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Titrate ADHD Meds Quickly for Best Outcome

February 2, 2012

A 15-day titration is usually the most economical and convenient way to identify the optimal dose of attention-deficit/hyperactivity disorder medications.

Starting children on a low dose and waiting up to a month before reassessing wastes time and money, Dr. James J. McGough said at a psychopharmacology update sponsored by the American Academy of Child and Adolescent Psychiatry.

“You don’t need a month at a low dose to see what’s happening,” said Dr. McGough, chief of staff of the Resnick Neuropsychiatric Hospital at the University of California, Los Angeles. “You generally need 5-7 days on a dose to assess any response. Any less than that and you might have a random good day or a random bad day. You want enough behaviors to see what’s really going on and to get a little bit of tolerance to any side effects.”

Dr. McGough backs a more rapid titration schedule than that typically recommended by the Food and Drug Administration for most ADHD medications. The schedule stays within the limits imposed by the Drug Enforcement Administration, while expediently getting children to an effective dose.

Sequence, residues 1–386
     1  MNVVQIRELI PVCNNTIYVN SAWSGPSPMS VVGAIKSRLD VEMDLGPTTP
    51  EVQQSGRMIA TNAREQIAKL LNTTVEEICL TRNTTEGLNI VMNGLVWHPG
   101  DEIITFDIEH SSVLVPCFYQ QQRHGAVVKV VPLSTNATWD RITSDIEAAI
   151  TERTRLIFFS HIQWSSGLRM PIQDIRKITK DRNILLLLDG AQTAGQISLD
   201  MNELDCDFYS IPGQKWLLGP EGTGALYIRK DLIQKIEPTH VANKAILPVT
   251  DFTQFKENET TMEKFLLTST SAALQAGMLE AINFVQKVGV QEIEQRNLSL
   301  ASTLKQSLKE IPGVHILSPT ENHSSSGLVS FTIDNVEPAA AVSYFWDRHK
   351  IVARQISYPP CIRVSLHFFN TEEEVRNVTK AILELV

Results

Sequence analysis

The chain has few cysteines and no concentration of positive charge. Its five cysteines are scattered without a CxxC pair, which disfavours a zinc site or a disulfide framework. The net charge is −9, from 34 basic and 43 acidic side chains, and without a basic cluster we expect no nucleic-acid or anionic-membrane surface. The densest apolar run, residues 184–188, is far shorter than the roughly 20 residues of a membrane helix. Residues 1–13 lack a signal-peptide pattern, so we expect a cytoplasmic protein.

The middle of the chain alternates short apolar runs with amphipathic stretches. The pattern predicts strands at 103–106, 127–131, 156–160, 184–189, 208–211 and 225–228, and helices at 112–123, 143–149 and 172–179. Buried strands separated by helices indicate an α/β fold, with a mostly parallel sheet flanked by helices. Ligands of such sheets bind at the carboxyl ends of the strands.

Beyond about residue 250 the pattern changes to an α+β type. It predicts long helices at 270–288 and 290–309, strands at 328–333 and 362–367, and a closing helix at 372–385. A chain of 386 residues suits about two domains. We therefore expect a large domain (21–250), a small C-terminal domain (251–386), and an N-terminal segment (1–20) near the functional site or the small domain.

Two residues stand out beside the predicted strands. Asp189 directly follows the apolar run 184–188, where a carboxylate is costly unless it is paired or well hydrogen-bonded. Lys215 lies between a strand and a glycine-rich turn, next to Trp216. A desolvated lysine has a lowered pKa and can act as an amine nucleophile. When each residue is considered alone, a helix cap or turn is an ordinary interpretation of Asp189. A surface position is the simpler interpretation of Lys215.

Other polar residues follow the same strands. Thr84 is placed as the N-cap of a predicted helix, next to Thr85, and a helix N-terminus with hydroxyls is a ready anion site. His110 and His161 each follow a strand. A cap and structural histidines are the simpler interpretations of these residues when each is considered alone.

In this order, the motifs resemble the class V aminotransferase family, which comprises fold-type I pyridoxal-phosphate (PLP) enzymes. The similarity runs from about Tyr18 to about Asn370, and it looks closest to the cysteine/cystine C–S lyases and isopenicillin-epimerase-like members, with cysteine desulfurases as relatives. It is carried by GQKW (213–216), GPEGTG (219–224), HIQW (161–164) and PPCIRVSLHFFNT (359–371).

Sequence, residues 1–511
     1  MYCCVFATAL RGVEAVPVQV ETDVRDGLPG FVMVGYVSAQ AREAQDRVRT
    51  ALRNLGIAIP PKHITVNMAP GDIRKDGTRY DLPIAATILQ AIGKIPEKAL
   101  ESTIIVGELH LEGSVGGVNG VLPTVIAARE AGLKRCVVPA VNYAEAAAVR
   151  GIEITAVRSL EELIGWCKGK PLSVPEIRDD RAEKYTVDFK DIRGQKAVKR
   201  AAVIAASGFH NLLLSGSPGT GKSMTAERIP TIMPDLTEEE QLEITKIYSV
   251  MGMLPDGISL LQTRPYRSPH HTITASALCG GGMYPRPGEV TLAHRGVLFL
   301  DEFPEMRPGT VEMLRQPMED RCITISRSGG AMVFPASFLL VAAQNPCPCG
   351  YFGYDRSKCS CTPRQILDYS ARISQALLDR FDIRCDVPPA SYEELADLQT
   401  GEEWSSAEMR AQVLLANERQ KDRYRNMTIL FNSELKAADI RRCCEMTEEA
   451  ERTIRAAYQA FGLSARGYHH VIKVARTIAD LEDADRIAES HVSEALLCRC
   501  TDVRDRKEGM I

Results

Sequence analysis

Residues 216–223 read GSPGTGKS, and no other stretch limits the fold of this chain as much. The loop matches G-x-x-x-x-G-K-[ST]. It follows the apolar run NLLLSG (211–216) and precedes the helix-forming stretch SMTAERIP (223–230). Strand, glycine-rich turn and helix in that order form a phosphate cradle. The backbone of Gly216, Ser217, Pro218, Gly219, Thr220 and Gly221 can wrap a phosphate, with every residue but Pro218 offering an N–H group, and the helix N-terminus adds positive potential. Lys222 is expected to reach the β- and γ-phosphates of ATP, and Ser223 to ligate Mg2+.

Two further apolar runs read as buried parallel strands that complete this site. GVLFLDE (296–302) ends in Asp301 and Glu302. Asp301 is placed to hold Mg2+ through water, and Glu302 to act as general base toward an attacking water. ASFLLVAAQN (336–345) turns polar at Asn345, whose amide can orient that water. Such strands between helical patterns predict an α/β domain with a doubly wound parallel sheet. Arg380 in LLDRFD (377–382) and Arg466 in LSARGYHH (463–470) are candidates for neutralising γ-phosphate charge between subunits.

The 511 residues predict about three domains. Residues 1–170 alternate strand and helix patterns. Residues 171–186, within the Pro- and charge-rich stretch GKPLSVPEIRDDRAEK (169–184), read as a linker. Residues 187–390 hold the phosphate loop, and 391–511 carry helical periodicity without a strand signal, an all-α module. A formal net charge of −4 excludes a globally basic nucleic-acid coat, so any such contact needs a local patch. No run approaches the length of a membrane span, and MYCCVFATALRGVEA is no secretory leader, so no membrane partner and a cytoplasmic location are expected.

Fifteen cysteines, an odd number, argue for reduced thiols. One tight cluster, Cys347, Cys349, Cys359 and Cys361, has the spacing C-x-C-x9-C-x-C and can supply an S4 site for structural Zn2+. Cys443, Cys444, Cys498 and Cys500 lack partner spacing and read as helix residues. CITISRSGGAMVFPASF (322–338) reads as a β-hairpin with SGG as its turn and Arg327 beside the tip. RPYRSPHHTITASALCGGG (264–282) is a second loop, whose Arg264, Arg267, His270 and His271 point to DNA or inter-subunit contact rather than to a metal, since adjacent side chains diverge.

After an assessment and drug selection, he writes an initial prescription for a month’s worth of the drug. Parents receive a titration schedule. A typical schedule calls for starting with one pill for 5 days, two for the next 5 days, and three for the last 5 days, with a follow-up appointment around 2-3 weeks.

“This takes children through the dose range and lets you see how they respond to each dose. I try them over a reasonable range of dose and when they find one that works, I try it for 1 month. If it’s successful, I give them 3 months of medication, which I’m allowed to do in my state.”

Education is important for parents and children. But Dr. McGough tells families not to worry too much about any mild treatment-related side effects. “I tell them there might be a little stomach ache or headache, but that we’ll address this in just a couple of weeks. The real message is that you don’t want to waste your time or the patients’ time.”

Dr. McGough disclosed that he is on the advisory boards of NextWave Pharmaceuticals, Noven Pharmaceuticals, Shiongi & Co., Shire Pharamceuticals Inc., and Supernus Pharmaceuticals, and is a consultant for Alexa Pharmaceuticals and Medimmune.



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